The nifty Netflix deal with Korea's LG Electronics to bring online video to your TV screen is getting a bunch of attention. The idea is to market an LG-branded wireless device beginning later this year that will allow movies to be delivered over the Internet instead of via clumsy on-demand systems that have never really caught on. Dan Frommer at Silicon Alley Insider has several key questions about the set-top box, such as cost (he figures LG couldn't charge more than $400, given the competition from Apple TV), the ability to run HD movies (not for a while), and how the rest of the market will respond (everyone from Amazon to the cable companies). Clearly, movie lovers are about to reach their long-awaited Nirvana: Being able to select from thousands of titles at a moment's notice - and at a modest subscription price.
For much of the morning, I've gotten a flavor of this future by plugging into Netflix's existing service that allows subscribers the option of accessing movies and television shows over the Internet on their PCs. Not all movies and TV shows in the Netflix library are available, but there are more than 6,000 to choose from - just download the necessary software and you're ready. So here I am at my desk on what's supposed to be a regular workday sneaking a few looks at "Close Encounters" ("Postcards from the Edge" is next). You can see where all this is headed: Being able to watch any of this stuff at any time on any device. It's what the writers are striking about and what the media companies are trying to harness. All of which will get a more extensive airing at next week's Consumer Electronics Show in Vegas. Here's more from Frommer:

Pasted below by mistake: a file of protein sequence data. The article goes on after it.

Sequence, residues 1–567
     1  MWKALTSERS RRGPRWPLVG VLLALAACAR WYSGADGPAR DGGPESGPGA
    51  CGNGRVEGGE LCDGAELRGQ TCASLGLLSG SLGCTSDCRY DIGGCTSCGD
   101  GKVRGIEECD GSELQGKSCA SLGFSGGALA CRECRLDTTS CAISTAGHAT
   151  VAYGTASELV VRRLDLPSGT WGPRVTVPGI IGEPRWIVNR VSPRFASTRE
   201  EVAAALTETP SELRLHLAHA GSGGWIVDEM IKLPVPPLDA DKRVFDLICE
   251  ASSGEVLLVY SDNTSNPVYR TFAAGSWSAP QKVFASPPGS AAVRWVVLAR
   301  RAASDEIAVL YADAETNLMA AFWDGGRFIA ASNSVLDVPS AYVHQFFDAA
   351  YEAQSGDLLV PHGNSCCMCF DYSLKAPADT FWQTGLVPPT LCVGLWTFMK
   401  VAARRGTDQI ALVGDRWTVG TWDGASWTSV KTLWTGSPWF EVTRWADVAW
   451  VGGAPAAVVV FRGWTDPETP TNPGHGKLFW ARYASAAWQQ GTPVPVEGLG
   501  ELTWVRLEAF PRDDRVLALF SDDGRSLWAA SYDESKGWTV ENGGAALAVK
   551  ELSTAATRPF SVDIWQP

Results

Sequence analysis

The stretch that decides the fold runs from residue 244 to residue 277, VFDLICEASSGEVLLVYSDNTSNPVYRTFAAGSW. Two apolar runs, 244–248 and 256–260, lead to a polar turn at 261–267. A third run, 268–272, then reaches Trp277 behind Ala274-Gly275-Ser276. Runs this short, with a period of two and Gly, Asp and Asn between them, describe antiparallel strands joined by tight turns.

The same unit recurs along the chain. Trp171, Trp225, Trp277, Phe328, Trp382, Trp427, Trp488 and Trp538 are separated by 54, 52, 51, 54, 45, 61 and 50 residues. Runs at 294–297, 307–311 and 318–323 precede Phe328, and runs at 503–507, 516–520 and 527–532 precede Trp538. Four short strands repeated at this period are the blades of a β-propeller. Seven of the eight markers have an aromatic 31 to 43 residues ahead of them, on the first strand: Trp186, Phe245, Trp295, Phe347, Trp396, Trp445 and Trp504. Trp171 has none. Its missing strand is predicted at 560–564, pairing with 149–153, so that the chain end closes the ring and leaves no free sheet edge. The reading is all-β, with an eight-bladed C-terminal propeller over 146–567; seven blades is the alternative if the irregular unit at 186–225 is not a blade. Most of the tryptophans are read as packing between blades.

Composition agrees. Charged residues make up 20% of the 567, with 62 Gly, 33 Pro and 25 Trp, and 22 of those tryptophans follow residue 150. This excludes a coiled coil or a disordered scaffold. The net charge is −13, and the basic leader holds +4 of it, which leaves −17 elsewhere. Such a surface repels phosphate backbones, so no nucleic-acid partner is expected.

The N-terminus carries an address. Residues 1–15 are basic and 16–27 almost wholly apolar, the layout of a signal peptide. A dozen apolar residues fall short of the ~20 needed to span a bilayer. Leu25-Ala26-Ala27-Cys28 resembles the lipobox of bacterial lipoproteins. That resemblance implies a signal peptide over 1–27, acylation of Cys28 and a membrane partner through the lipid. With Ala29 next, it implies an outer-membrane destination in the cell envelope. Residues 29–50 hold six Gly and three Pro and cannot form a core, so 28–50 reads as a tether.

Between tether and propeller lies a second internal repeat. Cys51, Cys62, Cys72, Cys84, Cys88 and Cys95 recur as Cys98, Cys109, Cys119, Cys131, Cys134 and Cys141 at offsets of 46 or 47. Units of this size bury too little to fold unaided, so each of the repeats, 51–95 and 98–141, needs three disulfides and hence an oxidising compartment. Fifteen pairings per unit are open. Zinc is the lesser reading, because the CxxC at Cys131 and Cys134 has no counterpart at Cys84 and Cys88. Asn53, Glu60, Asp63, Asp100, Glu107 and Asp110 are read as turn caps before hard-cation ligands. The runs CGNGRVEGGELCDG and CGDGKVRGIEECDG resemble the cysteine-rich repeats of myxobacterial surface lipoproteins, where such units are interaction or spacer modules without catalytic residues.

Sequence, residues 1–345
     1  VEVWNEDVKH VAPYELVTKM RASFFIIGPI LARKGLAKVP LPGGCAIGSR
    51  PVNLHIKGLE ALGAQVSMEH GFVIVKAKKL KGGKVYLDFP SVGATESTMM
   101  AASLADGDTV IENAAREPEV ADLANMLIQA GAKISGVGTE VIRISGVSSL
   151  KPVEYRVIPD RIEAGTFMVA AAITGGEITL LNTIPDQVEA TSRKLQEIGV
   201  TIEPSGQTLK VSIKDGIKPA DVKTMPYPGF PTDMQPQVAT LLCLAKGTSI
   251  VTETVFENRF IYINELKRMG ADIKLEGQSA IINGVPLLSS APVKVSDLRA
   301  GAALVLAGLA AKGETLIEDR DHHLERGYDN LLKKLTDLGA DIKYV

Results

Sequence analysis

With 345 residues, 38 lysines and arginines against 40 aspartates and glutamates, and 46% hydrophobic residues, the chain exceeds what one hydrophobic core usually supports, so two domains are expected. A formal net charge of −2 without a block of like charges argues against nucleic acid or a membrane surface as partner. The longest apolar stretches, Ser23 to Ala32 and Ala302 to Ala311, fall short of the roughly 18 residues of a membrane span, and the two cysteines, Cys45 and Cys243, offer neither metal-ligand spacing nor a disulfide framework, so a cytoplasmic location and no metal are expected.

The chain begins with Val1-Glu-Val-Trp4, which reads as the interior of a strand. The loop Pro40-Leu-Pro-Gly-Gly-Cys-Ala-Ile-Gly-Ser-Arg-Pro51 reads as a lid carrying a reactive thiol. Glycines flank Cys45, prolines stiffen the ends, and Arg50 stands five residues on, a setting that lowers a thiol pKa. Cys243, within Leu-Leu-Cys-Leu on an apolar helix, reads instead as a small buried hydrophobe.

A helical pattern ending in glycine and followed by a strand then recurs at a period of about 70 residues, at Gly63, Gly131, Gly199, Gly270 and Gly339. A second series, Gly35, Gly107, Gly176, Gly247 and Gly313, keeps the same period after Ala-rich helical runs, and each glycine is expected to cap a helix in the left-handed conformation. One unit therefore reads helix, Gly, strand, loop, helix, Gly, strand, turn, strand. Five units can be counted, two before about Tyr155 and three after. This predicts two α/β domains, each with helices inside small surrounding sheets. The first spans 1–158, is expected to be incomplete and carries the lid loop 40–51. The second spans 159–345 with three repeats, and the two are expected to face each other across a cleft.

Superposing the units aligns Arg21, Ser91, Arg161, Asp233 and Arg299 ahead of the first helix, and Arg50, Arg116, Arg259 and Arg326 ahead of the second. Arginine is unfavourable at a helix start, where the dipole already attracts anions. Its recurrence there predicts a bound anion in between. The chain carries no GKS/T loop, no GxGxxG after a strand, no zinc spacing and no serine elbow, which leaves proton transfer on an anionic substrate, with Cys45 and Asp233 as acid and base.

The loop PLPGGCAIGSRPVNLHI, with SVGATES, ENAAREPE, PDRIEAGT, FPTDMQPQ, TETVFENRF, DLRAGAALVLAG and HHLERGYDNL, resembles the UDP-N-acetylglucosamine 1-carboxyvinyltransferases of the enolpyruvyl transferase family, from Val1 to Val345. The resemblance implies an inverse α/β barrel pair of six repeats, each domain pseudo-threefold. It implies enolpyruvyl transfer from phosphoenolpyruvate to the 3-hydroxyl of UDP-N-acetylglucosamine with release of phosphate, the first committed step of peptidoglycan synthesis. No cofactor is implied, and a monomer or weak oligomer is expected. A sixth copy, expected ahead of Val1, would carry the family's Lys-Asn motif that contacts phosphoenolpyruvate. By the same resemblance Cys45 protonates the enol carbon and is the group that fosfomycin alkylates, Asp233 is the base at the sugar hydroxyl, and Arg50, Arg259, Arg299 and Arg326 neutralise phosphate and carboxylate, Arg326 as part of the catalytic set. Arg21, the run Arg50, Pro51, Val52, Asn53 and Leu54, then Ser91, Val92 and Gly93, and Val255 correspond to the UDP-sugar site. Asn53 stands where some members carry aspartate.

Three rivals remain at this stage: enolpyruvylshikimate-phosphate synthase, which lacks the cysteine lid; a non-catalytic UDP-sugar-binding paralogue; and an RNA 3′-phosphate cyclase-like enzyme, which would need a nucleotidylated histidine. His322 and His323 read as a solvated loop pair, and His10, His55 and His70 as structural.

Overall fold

Netflix's current streaming service doesn't work on Macs, and to watch its Web movies on a TV -- the way most people still want to watch movies -- you need a PC in the living room. While the new LG device doesn't sound like it could be used to permanently "buy" movies, store them on a hard drive or recordable disc, or load them onto a portable device like an iPod, that might not matter. Netflix already has 7 million customers that subscribe to its DVDs-by-mail service; by giving away some free movie streaming to its customers, it could build an immediate market for the device. And most consumers haven't upgraded to either HD-DVD or Blu-Ray yet, so if Netflix and LG could cram all three technologies together in one affordable box, it could be an easy sell.